Clinical and metabolic correlates of calcium oxalate stone subtypes: Implications for etiology and management

Jacob N. Bamberger, Kyle A. Blum, Kathleen M. Kan, Egor Parkhomenko, Blair Gallante, Mantu Gupta

Research output: Contribution to journalArticlepeer-review

15 Scopus citations

Abstract

Introduction: Calcium oxalate (CaOx) is the predominate component within renal calculi and can be divided into two subtypes: CaOx-monohydrate (COM) and CaOx-dihydrate (COD). COM and COD form in differing urinary environments, which suggest differential underlying metabolic abnormalities associated with each subtype. We compared clinical and metabolic findings in CaOx stone formers to delineate factors differentiating COD and COM stone formers and the implication this holds in terms of etiology and treatment. Patients and Methods: We identified CaOx stone formers that had passed their stones or had undergone endoscopic extraction between October 2014 and December 2018. Only patients who had a predominant subtype (≥80% COM or COD) and who had a 24-hour urine evaluation before medical management were included. Clinical and metabolic factors were compared in the two subgroups. Results: Out of 157 stone formers, 121 were COM and 36 were COD. COD formers were younger than COM formers with a mean age of 53 ± 16 vs 59 ± 15, respectively (p = 0.038). There were no observable differences in gender, body mass index, hypertension, diabetes mellitus, or hyperlipidemia. COM formers exhibited higher rates of hypocitraturia and hyperoxaluria, p = 0.022 and p = 0.018, respectively. Conversely, COD formers had significantly higher rates of hypercalciuria (47% vs 28%, p = 0.012). Multivariate analysis found hypercalciuria to independently predict COD (p = 0.043) and hyperoxaluria to predict COM stones (p = 0.016). Conclusion: COM formers are more likely to have hyperoxaluria, hypocitraturia, and elevated urinary oxalate levels compared to COD formers. COD formers exhibited higher incidence of hypercalciuria. These data suggest that all CaOx stones are not alike and that distinct metabolic and clinical etiological differences exist that may guide future management and prevention.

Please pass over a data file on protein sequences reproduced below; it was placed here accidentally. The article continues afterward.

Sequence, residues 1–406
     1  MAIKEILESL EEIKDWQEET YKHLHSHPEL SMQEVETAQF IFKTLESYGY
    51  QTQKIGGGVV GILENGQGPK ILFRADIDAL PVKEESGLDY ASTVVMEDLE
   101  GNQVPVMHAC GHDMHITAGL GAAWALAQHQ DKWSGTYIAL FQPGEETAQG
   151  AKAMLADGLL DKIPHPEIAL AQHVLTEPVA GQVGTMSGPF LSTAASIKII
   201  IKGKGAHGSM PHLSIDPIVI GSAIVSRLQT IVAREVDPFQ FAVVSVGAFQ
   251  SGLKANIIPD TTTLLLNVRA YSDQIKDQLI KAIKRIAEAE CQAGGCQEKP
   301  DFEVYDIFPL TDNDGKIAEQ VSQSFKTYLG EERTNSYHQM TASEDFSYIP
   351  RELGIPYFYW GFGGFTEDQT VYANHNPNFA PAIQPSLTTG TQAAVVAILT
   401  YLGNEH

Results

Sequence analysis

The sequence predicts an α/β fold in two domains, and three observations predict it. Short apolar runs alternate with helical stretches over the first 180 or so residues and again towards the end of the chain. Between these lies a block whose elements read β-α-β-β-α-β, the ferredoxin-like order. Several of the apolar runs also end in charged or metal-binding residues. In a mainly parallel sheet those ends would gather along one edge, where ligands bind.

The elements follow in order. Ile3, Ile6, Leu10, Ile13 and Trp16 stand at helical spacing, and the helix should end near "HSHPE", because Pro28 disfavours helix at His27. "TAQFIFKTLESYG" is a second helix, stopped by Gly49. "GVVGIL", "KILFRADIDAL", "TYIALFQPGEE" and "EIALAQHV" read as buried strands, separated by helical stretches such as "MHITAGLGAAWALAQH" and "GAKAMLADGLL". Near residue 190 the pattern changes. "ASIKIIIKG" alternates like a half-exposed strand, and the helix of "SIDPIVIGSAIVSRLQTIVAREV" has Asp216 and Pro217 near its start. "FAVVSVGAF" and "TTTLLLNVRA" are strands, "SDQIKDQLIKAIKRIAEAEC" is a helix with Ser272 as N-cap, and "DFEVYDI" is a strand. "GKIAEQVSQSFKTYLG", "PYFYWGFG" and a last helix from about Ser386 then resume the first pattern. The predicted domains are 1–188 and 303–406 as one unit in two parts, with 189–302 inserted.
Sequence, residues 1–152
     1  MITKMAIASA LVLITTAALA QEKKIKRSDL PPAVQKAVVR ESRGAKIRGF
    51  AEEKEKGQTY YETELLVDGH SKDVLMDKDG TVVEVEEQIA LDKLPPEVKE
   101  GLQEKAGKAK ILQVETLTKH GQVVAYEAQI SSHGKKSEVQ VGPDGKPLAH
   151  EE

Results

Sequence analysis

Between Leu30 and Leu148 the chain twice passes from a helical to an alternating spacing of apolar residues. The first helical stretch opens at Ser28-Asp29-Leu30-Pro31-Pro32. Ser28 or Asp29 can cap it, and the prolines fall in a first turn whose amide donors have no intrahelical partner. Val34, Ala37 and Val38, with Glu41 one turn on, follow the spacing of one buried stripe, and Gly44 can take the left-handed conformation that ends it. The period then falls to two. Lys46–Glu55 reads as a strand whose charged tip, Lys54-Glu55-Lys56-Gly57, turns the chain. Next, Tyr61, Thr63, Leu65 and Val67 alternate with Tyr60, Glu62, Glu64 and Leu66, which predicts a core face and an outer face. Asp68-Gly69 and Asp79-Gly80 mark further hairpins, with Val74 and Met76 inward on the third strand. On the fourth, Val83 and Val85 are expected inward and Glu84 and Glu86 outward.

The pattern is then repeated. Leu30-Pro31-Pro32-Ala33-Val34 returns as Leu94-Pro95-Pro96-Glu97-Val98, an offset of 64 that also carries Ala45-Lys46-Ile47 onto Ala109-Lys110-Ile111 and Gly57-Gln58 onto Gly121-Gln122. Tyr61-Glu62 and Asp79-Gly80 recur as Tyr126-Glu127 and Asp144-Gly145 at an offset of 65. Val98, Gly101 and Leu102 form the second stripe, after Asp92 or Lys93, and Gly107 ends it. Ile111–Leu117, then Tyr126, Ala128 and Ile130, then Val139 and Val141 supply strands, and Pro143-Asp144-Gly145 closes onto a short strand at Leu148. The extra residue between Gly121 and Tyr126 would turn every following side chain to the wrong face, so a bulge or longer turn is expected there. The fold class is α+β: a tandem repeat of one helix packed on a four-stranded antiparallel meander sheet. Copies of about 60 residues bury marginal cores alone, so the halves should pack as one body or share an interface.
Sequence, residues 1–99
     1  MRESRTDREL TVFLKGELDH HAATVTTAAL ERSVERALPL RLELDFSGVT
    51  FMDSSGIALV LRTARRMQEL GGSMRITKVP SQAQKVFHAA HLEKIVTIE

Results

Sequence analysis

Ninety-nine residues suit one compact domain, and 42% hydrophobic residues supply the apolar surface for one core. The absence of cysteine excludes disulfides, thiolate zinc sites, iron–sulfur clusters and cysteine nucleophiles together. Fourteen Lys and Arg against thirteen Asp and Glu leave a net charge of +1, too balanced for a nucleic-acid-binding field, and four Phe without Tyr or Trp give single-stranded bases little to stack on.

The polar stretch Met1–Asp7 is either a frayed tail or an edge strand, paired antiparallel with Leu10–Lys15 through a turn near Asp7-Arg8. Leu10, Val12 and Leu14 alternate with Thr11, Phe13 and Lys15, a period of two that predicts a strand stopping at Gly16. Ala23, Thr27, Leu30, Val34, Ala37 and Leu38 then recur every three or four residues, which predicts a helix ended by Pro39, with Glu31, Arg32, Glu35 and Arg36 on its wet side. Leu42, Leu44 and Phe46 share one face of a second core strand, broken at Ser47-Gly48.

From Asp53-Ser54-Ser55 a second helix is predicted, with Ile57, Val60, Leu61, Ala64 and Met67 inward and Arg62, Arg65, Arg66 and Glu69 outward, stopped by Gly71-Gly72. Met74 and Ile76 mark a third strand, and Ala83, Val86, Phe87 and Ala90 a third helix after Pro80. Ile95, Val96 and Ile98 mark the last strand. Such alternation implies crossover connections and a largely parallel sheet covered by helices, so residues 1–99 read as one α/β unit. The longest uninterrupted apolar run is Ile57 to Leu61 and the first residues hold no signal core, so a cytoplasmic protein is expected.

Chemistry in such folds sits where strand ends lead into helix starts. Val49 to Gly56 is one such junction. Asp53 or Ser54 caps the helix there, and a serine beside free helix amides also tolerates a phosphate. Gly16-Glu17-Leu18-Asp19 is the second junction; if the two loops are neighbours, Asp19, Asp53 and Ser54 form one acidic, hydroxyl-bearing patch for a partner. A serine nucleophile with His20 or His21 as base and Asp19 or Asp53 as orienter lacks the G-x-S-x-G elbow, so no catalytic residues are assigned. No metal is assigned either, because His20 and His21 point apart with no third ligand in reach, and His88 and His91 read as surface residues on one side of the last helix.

Original languageEnglish
Pages (from-to)755-760
Number of pages6
JournalJournal of Endourology
Volume33
Issue number9
DOIs
StatePublished - Sep 2019

Keywords

  • 24-hour urine
  • calcium oxalate
  • kidney
  • percutaneous nephrolithotomy
  • renal calculi
  • stones

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